Out of everything that Marvel has produced so far, Ant-Man may just be the film I adore the most in a somewhat formulaic franchise. It’s the kind of movie that speaks to me, thanks to an underlying theme of this flick being about a father that just wants to do good for his only child. The idea of a superhero whose primary power comes from being able to deliver pin-prick punches with the velocity of an atomic P-klap may have divided critics, but you can’t argue with a box office gross of over $519 million worldwide.
Hence the inevitable sequel, dubbed Ant-Man and the Wasp. Now while Paul Rudd may have been delightful as ex-con Scott Lang, Evangeline Lilly’s Hope Van Dyne stole just as many scenes in the first film without the need of a Pym-particle powered supersuit. Hope suits up in the sequel thanks to that trademark end credits bonus scene which revealed that her father Hank Pym had a supersuit ready for her, while director Peyton Reed is also back to helm the project.
But Hope is going to have plenty to deal with. FLASHBACK SPOILERS!
Right, Captain America: Civil War. Captain America needed some muscle, and he got just that with Scott Lang when a German airport tussle almost succeeded in wiping out Iron Man’s entire team. Lang eventually goes down, gets imprisoned again in super-jail and is later broken out by Captain America. Life on the run again, business as usual for Ant-Man.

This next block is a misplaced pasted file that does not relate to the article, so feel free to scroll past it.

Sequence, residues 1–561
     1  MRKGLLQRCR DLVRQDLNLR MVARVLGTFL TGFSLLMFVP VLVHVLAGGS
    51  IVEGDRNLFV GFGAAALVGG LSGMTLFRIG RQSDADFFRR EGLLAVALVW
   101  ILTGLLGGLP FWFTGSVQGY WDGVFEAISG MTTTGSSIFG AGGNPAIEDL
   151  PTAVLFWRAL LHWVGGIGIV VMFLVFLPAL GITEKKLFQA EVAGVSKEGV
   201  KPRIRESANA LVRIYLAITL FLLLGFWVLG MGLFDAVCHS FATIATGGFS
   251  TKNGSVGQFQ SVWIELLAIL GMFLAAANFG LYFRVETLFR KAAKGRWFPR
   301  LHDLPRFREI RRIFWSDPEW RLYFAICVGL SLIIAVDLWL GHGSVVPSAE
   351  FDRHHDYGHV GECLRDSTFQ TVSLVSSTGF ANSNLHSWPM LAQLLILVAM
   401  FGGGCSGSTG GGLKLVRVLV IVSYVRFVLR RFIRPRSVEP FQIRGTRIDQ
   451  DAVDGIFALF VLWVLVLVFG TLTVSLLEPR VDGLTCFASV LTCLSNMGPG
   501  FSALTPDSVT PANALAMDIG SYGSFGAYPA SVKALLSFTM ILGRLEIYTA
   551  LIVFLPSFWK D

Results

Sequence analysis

So how does Hope impact on this narrative as the Wasp? “For me as a comic nerd, I always thought of Ant-Man and Wasp as a team and that’s a lot of what the second movie is really about is how they work together, what their personal and professional relationships are like,” director Peyton Reed said to Modern Myth Media.
To show her finally fully formed in this movie is really exciting. We really get to introduce this character into that universe. I mean we’ve introduced the character, but we haven’t seen her with her full power set and everything, so to me she’s not a supporting character in this movie. It’s every bit as much her movie as it is Scott Lang’s.
One thing Ant-Man did, was make liberal use of its source material. Plenty of plots from years of comic book continuity were dropped in favour of a lighter, more concise story to deliver a cinematic debut of Marvel’s tiniest hero. Expect more of that in Ant-Man and the Wasp as Reed and his crew cherry-pick what works and what doesn’t for the sequel:
I’m cutting a wide swath on that stuff. I go back to early, early Avengers stuff and all the way up to the Nick Spencer stuff now. I just sort of devour it all. And really in terms of maybe even more than story stuff, just looking at imagery and for me what were iconic images and how we can squeeze those into the movie.
More importantly however, is the news that Lang’s regular gang of thieves have a “fighting chance” of appearing in the sequel. Because it just wouldn’t be an Ant-Man movie with Michael Peña breaking down some plot, yo. There’s still an entire two years to go before we even see Ant-Man and the Wasp on the big screen, but the idea of seeing that dysfunctional duo save the day again is something that I’m happy to wait for.
Last Updated: June 27, 2016